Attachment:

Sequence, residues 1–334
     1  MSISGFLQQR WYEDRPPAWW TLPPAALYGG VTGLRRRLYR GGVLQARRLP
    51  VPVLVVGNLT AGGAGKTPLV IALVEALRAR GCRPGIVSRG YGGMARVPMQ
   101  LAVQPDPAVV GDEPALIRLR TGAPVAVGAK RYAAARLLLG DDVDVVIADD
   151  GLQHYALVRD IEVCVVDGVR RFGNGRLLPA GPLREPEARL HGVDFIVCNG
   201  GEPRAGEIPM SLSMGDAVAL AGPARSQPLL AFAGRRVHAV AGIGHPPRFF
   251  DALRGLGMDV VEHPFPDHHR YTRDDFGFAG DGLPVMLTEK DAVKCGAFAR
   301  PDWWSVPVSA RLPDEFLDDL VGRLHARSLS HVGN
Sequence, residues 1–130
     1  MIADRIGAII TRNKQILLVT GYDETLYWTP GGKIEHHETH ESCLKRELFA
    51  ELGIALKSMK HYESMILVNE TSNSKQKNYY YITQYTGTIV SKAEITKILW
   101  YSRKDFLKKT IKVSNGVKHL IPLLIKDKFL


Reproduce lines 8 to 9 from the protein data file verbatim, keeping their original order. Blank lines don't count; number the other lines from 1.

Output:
   301  PDWWSVPVSA RLPDEFLDDL VGRLHARSLS HVGN
Sequence, residues 1–130